Now then, work on the light blue dress had to fall by the wayside for the last few weeks, thanks to work that had to be done by the re-enactor's market.
That was last weekend, and I've nearly recovered from the run-up to it, so I've started working on it again.
I've been working on the central panel at the front of the bodice area. If you look at the design, there's an overlap at the centre front. i've decided that this should be a separate piece, not an overlap of the two sides.
I want to fill this with a sort of beaded smocking.
I basically had the dilemma that I wanted the smocking to only be a layer of georgette, over a flat (unsmocked) layer of satin, but the georgette isn't up to the job of holding the smocking while working on it.
Then, while testing out an embroidery pattern for something else, I suddenly realised - water soluble stabiliser. So yesterday I cut a piece of stick-on cold water soluble embroidery stabiliser, and marked up the smocking grid on the back. I stuck it to the georgette and ran the gathering threads, and started stitching the smocking in place. I'm only about half done, but so far so good!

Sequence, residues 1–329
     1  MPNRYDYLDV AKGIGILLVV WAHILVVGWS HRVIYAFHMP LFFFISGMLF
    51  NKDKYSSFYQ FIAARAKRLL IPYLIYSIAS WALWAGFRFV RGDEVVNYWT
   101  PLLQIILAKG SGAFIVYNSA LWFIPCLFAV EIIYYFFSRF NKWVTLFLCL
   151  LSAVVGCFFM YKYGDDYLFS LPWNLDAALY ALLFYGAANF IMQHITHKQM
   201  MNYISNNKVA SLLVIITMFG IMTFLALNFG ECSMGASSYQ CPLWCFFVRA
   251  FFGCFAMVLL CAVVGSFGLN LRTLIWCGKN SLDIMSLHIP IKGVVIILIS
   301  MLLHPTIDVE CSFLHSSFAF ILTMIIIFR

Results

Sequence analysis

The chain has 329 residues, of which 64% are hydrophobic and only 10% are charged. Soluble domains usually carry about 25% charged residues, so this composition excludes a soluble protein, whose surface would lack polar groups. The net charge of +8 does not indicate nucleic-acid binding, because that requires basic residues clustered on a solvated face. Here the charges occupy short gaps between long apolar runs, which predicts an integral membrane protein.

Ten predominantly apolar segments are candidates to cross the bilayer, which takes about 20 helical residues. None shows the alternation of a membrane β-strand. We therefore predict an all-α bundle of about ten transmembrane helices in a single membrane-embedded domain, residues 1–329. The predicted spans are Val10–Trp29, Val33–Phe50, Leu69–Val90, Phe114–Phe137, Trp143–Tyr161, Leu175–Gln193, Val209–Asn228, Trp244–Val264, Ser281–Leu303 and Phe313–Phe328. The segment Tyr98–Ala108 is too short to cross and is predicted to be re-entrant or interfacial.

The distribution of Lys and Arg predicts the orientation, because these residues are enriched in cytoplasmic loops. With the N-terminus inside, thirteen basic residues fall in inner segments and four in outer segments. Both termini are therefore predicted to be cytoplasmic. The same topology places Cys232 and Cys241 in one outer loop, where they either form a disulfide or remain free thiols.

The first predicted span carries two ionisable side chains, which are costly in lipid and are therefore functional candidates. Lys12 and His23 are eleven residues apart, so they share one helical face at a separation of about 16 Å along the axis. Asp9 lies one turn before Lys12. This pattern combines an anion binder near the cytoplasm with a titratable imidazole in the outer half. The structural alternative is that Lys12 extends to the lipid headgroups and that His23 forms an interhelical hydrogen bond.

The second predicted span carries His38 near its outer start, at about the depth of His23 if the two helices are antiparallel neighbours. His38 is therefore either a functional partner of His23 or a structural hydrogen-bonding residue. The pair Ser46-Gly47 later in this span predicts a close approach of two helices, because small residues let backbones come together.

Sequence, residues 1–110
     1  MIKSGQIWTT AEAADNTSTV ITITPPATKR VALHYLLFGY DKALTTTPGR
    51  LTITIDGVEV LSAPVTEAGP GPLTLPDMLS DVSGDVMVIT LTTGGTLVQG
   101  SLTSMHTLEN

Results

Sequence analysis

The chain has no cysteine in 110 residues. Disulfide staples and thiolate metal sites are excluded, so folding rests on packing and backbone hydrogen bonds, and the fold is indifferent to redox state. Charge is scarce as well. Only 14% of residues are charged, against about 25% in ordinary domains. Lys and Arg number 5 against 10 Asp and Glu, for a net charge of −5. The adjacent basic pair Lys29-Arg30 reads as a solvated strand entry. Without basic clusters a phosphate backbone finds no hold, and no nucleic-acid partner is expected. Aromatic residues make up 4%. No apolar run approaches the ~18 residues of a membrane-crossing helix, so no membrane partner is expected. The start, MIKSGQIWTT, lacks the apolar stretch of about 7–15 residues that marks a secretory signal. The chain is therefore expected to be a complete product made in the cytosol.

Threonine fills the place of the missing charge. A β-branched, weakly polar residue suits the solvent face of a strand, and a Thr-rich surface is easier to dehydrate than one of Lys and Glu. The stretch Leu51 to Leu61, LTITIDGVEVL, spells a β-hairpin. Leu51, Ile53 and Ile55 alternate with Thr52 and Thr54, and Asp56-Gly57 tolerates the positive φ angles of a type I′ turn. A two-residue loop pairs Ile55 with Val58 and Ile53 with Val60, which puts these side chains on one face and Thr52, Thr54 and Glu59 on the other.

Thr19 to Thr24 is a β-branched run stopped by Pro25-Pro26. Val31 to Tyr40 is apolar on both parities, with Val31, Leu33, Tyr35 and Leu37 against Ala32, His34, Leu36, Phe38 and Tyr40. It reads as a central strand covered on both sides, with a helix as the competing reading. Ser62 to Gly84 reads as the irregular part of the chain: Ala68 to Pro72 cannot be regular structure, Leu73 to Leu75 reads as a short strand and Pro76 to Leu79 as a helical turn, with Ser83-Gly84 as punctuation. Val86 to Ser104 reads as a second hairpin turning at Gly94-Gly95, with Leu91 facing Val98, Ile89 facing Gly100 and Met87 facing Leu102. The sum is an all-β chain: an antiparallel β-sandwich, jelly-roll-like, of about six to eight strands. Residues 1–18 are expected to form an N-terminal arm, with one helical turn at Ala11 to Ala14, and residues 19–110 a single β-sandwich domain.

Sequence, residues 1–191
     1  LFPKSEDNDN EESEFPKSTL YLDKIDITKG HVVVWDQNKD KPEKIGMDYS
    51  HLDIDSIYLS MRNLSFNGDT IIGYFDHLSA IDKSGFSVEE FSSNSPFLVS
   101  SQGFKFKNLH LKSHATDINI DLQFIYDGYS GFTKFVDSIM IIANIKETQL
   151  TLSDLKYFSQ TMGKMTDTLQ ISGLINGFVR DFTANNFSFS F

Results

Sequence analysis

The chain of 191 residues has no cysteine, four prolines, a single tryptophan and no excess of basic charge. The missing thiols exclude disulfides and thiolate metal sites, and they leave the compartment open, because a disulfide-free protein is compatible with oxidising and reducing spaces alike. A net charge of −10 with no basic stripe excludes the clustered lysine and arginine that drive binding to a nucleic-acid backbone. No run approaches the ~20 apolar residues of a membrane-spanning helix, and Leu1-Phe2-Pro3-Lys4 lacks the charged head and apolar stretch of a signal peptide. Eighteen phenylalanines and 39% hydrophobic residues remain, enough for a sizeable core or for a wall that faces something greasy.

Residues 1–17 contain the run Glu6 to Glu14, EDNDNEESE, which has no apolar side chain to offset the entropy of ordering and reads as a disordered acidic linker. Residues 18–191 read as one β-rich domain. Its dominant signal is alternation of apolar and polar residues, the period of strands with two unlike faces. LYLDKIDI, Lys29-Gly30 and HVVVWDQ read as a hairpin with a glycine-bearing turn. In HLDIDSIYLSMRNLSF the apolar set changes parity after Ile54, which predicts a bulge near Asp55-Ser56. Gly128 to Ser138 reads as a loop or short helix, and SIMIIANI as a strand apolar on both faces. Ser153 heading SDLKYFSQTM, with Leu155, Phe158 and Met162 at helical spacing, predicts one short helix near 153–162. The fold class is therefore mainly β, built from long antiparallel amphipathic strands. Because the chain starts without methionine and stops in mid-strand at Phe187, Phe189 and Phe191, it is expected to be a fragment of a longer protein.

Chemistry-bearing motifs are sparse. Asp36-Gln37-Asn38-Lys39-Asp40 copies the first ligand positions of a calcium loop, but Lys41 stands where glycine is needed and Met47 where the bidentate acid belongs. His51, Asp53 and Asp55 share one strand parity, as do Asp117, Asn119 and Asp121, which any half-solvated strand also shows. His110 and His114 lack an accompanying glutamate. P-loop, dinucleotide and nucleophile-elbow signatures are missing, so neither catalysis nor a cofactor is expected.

The 'something new'.
This is a commission, not a 'want to' project, as such.
A "Napoleonic" hussar's uniform. I use inverted commas for the 'napoleonic' bit, because strictly speaking it isn't.
It's loosely based on a Napoleonic Brunswick uniform, but the brief is that it's to have certain aspects of the uniform, and to be in certain colours, but the exact details are up to me.
The dolman and trousers are to be in black, the trousers to have leather re-inforcement and lace, the dolman to have dark blue facings with black lace and silver lace, and the waistcoat to be dark blue with silver lace.
As it's not a reproduction, I get to use my imagination on this one, and make certain bits of it up as I go along, which makes it much more fun. don't get me wrong, I can do (and have done) a straight, dogged, exact repro, but there's much more scope for creativity in just 'making stuff up', and that makes it fun!
Anyway, starting with the dolman - the cuff and collar are braided (by hand) in a narrow lurex russia braid. I've used lurex because I wanted to have a different shade of silver from the wider military lace (which is metallised polyester).
Now onto the waistcoat - the narrow braid (that you can see behind the wider braid, and at the (false) pockets) is the same lurex, and is sewn on by hand, because I couldn't get the loops to behave to my satisfaction with the machine.
The wider braid, in slightly squiggly rows, is metallised polyester (proper military lace. The pattern of that is taken from an original Brunswick wastcoat (though the fabric isn't dark blue, and it isn't a hussar waistcoat, but an infantry one).